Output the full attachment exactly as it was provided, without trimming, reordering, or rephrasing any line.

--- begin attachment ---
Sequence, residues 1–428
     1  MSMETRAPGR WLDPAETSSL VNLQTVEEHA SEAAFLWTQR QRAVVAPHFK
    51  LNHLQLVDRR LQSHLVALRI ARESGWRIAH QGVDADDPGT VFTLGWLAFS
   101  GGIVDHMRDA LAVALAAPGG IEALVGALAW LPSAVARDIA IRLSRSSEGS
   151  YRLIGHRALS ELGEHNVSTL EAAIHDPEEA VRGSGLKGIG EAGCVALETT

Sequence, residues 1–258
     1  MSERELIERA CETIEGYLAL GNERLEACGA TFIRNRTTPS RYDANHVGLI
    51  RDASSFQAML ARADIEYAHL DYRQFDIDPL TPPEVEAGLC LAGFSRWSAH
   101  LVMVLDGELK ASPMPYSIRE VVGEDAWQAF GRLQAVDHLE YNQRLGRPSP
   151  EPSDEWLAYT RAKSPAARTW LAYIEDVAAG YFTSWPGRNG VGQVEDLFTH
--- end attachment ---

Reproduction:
Sequence, residues 1–428
     1  MSMETRAPGR WLDPAETSSL VNLQTVEEHA SEAAFLWTQR QRAVVAPHFK
    51  LNHLQLVDRR LQSHLVALRI ARESGWRIAH QGVDADDPGT VFTLGWLAFS
   101  GGIVDHMRDA LAVALAAPGG IEALVGALAW LPSAVARDIA IRLSRSSEGS
   151  YRLIGHRALS ELGEHNVSTL EAAIHDPEEA VRGSGLKGIG EAGCVALETT

Sequence, residues 1–258
     1  MSERELIERA CETIEGYLAL GNERLEACGA TFIRNRTTPS RYDANHVGLI
    51  RDASSFQAML ARADIEYAHL DYRQFDIDPL TPPEVEAGLC LAGFSRWSAH
   101  LVMVLDGELK ASPMPYSIRE VVGEDAWQAF GRLQAVDHLE YNQRLGRPSP
   151  EPSDEWLAYT RAKSPAARTW LAYIEDVAAG YFTSWPGRNG VGQVEDLFTH